Apple's (AAPL) behavior the other day was a great mystery, which drew rivers of ink from many different quarters.
The theories on why it suddenly reversed course and plunged were several and varied, from the "exhaustion" theory after Apple went somewhat parabolic, to the iPad situation in China, where a small company is holding the rights to the iPad name and has managed to stop its distribution, could be the cause. More realistically, others pointed to a rumor making the rounds of a possible Nasdaq rebalancing, in the lines of a past one that took down Apple's excessive weight.
This rebalancing theory even warranted a note by Citigroup (C) analyst Parin Ghandi, basically saying that the Nasdaq published rules requiring rebalancing did not apply as the weights for Apple or the sum of the largest market caps were not violating the limits set by Nasdaq. Importantly, The Wall Street Journal contacted Nasdaq itself, and the answer was mostly along Parin Ghandi's line.
However, in this entire search for a motive or culprit, there were a few facts that a lot of people seems to have missed. First, when did the day's incredible run (AAPL was up 3.3% at one point) really start? In a way, it started 30 minutes before the close, during the previous session … and no, that was not due to Greece.
So what happened when there were just 30 minutes left in that session? Ah. Tim Cook started his keynote address at Goldman Sachs (GS) Technology and Internet Conference in San Francisco! You can still listen to the webcast here in Apple's investor relations page, or read the transcript here.
So he must have had some pretty positive things to say, right? Well, he did re-iterate how he expects tablets to sell more than PCs, and how Apple is thinking hard about what to do with all that cash. But it's not really terribly important, in the sense that the stock itself started climbing even before he said any of that. He took a few minutes to get up to speed between disclaimers and all, and the stock was already on its way by then.
But the story doesn't end here. When was it known that Tim Cook would actually even be presenting in this Technology conference? That's somewhat amazing in itself. It was known only on Monday when Apple posted a note confirming as much. And what happened on Monday? An AAPL gap-up …
But now we have to wonder, when did the organizers of that conference have the certainty that Tim Cook would be present and giving his keynote address? Could it have been the Thursday before, where Apple not only gapped up, but traded notable volume as well? Indeed, on the run up to yesterday there were several unnatural peaks in volume, some only comparable to what you see after an earnings release.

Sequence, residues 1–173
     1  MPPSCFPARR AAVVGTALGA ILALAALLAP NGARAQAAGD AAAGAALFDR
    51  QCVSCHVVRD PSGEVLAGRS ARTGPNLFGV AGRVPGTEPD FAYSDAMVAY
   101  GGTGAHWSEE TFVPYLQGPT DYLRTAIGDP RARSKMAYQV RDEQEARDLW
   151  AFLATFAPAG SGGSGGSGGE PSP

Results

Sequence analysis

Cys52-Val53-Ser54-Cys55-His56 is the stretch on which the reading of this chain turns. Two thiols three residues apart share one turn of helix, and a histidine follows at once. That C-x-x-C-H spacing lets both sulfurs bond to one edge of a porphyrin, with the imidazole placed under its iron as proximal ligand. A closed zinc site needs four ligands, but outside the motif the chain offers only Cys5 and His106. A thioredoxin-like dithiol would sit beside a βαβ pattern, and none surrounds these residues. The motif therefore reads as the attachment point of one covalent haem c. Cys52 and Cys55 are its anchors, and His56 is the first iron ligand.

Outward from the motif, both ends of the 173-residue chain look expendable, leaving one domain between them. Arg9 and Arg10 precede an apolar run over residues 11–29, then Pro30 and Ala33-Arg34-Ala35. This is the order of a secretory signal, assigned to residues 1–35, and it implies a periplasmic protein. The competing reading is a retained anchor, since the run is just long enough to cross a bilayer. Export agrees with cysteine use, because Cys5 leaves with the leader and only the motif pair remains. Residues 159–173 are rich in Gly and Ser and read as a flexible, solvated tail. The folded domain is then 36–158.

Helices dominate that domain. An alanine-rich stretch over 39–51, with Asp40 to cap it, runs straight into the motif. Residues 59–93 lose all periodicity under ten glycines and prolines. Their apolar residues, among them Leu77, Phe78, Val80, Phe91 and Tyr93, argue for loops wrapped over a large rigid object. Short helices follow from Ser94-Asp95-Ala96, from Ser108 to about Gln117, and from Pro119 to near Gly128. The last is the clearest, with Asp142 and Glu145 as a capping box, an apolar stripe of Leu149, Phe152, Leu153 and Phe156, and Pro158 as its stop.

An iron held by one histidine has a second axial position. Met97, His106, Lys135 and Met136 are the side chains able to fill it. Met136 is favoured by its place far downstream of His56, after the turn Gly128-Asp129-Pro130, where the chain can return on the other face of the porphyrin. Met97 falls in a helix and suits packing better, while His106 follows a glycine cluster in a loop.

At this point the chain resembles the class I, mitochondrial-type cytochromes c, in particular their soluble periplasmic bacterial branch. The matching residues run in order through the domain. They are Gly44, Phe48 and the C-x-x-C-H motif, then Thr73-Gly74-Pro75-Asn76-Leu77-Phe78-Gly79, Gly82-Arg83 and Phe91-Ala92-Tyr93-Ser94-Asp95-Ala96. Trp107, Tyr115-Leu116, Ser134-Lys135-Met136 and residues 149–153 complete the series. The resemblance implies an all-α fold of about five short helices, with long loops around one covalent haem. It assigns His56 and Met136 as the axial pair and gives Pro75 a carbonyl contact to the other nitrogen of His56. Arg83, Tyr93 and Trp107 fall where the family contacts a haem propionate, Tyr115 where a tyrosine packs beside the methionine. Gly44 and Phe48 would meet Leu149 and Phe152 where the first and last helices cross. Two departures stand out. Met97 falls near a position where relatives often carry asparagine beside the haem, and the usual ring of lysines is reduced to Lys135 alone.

So, from the looks of this, what seems most likely to have happened, is that someone accumulated a large Apple position based on the knowledge that he'd have a catalyst to push up the stock price in a few days' time. Once that catalyst arrived the stock was spiked into the close of the market and during the night session where there's little volume. Come the new session, Goldman Sachs reiterated its conviction buy and $600 price target. General euphoria did the rest during the trading session.
There was just one thing missing here. The dump. Right into the euphoria and relentlessly, the shares that were previously accumulated were sold. This is perhaps how you sometimes go an entire quarter without a single losing day.
If the theory explained here is correct, Apple will suffer from the overhang of this trade at least for a few sessions, and might still have a few tens of dollars of downside. Over the long term it shouldn't be too relevant, but on the short term demand will probably have been sated.
Over the long term
Over the long term, this kind of trade should have little impact beyond removing some of the trust people have on the workings of the market. For Apple, beyond the continued acceptance of the iPhone as the golden standard in smartphones, justifying its premium pricing in spite of its large sales volume will continue to be the most important factor. Other than that, the only possible threats are the likelihood of a smartphone glut or a drive from the mobile carriers to cut the smartphone subsidization somewhat.
Still, it's important to know how the games are sometimes played in the market, as it can make for better entry and exit points, all else being equal.